Case against District 834 now in judge’s hands

Attorneys for the Stillwater Area School District and community group 834 Voice met in court Aug. 30 for a hearing before a judge determines if the case will go to trial.

Fritz Knaak, attorney for 834 Voice defended his case against a motion for summary judgment made by school district attorneys Peter Mikhail and Elizabeth Brodeen-Kuo. A motion for summary judgment asks the court to determine if the case cannot go forward to a jury trial due to a lack of an adequate case or if a jury could only find in favor of the party making the motion when applying the law.

In his motion, Mikhail asked the judge to determine that the case cannot go to trial because the plaintiffs — 834 Voice on behalf of its members and three individuals — do not have a legal standing to sue the district.

Mikhail alleged that 834 Voice was not a bona-fide corporation as it had presented itself in its original court documents.

“Agents of the Department of the Treasury don’t study all of the deviations of the $100 bill that forgers could make; they study the real thing so well that they can spot any deviation,” Mikhail said. ” A nonprofit corporation suing in court on behalf of injuries to its members is a real thing, we know what a real thing looks like. That is what 834 Voice alleged that it was.”

Citing the discovery documents in the case, Mikhail argued that 834 Voice was not following the requirements of a nonprofit as outlined in state law, and therefore could not sue on behalf of alleged members.

“The testimony and the record that we have supplied to the court proved without any doubt that 834 Voice was never formed as a corporation, never operated as a corporation and … never had members,” Mikhail said.

Mikhail argued that a member is more than a supporter.

“Here in the court, the term member under [Minnesota statute] 317A is a very specific thing,” Mikhail said. “It is a position that comes with rights, duties and obligations.”

Judge Daniel O’Fallon asked questions of Knaak in response to the points made in Mihkail’s court brief.

“We are saying that under the provisions of the nonprofit incorporation act there is a great deal of leeway to groups like this,” Knaak argued. “Even if the court were to find that corporation does not exist, the fact that these individuals have come together and are making these claims together is sufficient under the case law we cite.”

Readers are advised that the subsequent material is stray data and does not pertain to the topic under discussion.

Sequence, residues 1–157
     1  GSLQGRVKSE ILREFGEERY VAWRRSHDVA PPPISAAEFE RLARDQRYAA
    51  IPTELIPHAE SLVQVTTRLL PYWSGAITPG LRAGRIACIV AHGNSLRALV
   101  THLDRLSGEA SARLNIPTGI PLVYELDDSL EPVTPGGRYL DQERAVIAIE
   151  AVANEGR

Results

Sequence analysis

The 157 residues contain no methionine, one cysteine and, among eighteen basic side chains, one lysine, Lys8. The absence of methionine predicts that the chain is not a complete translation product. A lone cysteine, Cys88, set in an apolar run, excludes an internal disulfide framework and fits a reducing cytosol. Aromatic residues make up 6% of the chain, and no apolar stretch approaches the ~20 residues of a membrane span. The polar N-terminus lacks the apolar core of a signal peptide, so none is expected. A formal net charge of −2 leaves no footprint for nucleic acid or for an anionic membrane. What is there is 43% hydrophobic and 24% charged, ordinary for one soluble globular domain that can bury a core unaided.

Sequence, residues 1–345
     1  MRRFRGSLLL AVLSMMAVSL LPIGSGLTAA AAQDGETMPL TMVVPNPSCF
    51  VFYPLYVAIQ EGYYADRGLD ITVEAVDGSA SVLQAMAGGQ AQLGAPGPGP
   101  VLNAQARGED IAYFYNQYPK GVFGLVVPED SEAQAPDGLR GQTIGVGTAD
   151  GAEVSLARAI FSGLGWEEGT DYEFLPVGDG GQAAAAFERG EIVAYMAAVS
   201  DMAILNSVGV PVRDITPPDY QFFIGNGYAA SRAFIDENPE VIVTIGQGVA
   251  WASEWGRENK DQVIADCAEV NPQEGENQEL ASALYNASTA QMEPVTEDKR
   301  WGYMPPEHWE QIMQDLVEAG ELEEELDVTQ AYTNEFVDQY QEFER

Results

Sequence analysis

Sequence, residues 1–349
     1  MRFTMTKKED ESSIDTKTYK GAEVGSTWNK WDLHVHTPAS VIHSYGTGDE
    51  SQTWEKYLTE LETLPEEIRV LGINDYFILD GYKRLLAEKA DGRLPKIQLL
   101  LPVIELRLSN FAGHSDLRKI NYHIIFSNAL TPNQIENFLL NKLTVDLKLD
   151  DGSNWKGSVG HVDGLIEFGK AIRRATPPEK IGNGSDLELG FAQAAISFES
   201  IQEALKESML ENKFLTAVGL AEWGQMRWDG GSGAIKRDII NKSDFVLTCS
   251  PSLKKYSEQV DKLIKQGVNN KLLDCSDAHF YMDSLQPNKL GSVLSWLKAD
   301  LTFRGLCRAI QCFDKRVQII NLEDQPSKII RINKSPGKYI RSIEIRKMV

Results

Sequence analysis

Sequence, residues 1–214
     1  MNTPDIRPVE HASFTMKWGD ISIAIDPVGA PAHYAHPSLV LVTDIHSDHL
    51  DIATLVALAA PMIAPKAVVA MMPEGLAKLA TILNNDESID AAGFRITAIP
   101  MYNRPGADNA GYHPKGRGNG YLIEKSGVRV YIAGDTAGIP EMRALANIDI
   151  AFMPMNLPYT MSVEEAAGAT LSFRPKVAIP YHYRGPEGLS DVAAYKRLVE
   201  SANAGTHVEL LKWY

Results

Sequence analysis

“They are moving for summary judgment,” O’Fallon said. “If I were to grant their motion, presumably the next thing they are going to be motioning for is costs for the litigation. Who is going to pay those?”

“I would say it would be the individuals involved and the association,” Knaak said.

“What the school district is entitled to, is to know who the members are, because anyone who is named a member will be legally responsible for any costs awarded, if the school district were to prevail,” O’Fallon said.

O’Fallon also stated that the law requires a person to have some kind of injury in fact in order to have standing to bring forward a case.

“If I’m going to determine what the injury in fact is, don’t I have to know at some point who those people are and what their alleged injury is?” O’Fallon asked. “How have your members been injured in fact?”

Knaak argued that the residents of the school district have been injured by paying too much for disputed contracts related to conflict of interest allegations brought forward in the case.

“This is not a taxpayer lawsuit,” O’Fallon said. “Let’s talk about the lawsuit you brought, not the lawsuit you could have brought.”

O’Fallon asked additional questions of Knaak about his client’s standing and the suggested remedies to the claims brought forward in the case.

The rules of the court state that a judge has 90 days to submit a ruling on a motion for summary judgment. O’Fallon determined that the scheduled trial date for the case — Oct. 30 — was 60 days away and needed to be rescheduled.

If O’Fallon rules in favor of the motion, the case will be over. If the case does move to trial, the court has set the new trial date for 9 a.m. Feb. 26, 2018, in Washington County.

Knaak informed the court that the services of a mediator are being sought.

Contact Alicia Lebens at [email protected]